Saturday, 31 May 2008

Best Brioche ever…

…says Melissa of Traveler’s Lunchbox. And I can’t tell you how right she is. When I saw her recipe for the first time – in August 2006 – I knew I had to make it some day. Due to its rather elaborate nature…well, let’s not make excuses. Fact is that this particular recipe sounded so promising that it would pop up in my memory every now and then, reminding me of “You need to make this”. And this can’t be said of all the recipes I’ve saved over the years.

I’ve always been in love with all sorts of yeast dough, especially when having it for breakfast with a thick smear of butter and creamy honey on top. Funny enough, until today I had never made a real brioche. However, a similarbreakfast treat always was kind of a by-product when churning out trays full of sweat yeast dough covered in fruit and streusel.

Only once per year we would eat something bakery-bought that’s similar to brioche – it’s called “Spitzl”, a regional specialty known only in the Upper Palatinate (of course, this is a severe case of "same same but different" as these kinds of sweet yeast bread exist allover Europe - but let's not digress). The sweet yeast bread I'm talking about is rich, soft, and speckled with raisins. It's traditionally a present from godfather or godmother to their respective godchild given on All Saints’ Day. Naturally, the one who got the longest braid (up to a meter or so) would have the coolest godmother or godfather of all.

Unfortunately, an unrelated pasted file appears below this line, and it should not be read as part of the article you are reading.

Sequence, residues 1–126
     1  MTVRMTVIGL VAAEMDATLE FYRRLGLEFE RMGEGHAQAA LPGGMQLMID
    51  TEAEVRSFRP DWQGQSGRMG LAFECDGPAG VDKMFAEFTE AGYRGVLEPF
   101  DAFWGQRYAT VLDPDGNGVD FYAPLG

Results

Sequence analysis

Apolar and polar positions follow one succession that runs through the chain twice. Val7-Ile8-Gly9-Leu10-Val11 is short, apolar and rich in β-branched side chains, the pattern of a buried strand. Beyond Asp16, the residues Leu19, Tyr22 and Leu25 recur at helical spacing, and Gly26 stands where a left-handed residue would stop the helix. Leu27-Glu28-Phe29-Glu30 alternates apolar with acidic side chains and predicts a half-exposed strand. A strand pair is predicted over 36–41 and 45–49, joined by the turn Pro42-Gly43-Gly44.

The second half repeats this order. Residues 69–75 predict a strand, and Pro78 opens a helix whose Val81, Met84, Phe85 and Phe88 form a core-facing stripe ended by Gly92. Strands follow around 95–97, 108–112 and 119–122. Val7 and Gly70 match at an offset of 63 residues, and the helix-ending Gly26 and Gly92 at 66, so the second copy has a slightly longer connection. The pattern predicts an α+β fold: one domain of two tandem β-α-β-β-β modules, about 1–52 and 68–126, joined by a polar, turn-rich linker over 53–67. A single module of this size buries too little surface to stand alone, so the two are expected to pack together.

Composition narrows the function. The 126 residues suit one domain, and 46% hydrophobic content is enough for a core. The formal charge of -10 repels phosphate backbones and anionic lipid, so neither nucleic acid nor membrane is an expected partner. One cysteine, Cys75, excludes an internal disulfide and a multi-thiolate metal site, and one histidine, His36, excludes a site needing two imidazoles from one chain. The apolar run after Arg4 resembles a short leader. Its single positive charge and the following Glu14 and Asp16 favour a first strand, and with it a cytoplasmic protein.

Whilst I wouldn’t say that the taste of these braids surpassed the flavour of our home-made goods, they had one big advantage: Their texture was singularly beautiful – when pulling apart or biting into it, the bread would separate into long strands rather than small crumbs. For some reason that was unknown to me back then, I was never able to achieve this superior texture when baking at home.

Hence my enthusiasm when I saw Melissa's recipe claiming to have solved the mystery. I followed her instructions to the t which resulted in the most shiny, satiny, velvety smooth, and super-elastic yeast dough I’ve ever made. By the way, her technique of browning the butter with the specks of two vanilla beans filled the entire kitchen with such an enticing smell that I could hardly hold myself back - all I wanted was diving right into that perfumed butter, with a big spoon, that's how good it was.

Luckily, I managed not to do anything silly and, the next day, pulled two shiny, golden brown loaves out of the oven. Unfortunately, I did not have my camera with me and had to wait a day before taking pictures. As Melissa says, the brioche is best eaten on the day it is made, and the texture will change with time. That's why the photo above doesn't really show these sublime strands of dough anymore. But I swear they were there - just go and try for yourself!